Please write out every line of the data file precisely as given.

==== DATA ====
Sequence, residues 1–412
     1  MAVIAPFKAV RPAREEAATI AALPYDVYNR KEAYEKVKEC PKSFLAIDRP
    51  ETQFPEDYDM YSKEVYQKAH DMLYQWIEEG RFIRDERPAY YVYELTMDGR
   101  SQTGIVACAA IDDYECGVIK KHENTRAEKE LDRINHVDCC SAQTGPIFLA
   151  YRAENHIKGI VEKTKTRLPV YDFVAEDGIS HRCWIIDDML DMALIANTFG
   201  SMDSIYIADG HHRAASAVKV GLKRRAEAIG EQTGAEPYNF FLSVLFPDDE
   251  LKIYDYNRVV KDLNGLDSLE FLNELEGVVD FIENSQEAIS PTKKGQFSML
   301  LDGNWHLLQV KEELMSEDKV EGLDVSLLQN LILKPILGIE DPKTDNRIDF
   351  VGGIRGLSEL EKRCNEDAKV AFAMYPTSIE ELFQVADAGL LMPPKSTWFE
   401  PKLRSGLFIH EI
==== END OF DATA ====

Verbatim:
Sequence, residues 1–412
     1  MAVIAPFKAV RPAREEAATI AALPYDVYNR KEAYEKVKEC PKSFLAIDRP
    51  ETQFPEDYDM YSKEVYQKAH DMLYQWIEEG RFIRDERPAY YVYELTMDGR
   101  SQTGIVACAA IDDYECGVIK KHENTRAEKE LDRINHVDCC SAQTGPIFLA
   151  YRAENHIKGI VEKTKTRLPV YDFVAEDGIS HRCWIIDDML DMALIANTFG
   201  SMDSIYIADG HHRAASAVKV GLKRRAEAIG EQTGAEPYNF FLSVLFPDDE
   251  LKIYDYNRVV KDLNGLDSLE FLNELEGVVD FIENSQEAIS PTKKGQFSML
   301  LDGNWHLLQV KEELMSEDKV EGLDVSLLQN LILKPILGIE DPKTDNRIDF
   351  VGGIRGLSEL EKRCNEDAKV AFAMYPTSIE ELFQVADAGL LMPPKSTWFE
   401  PKLRSGLFIH EI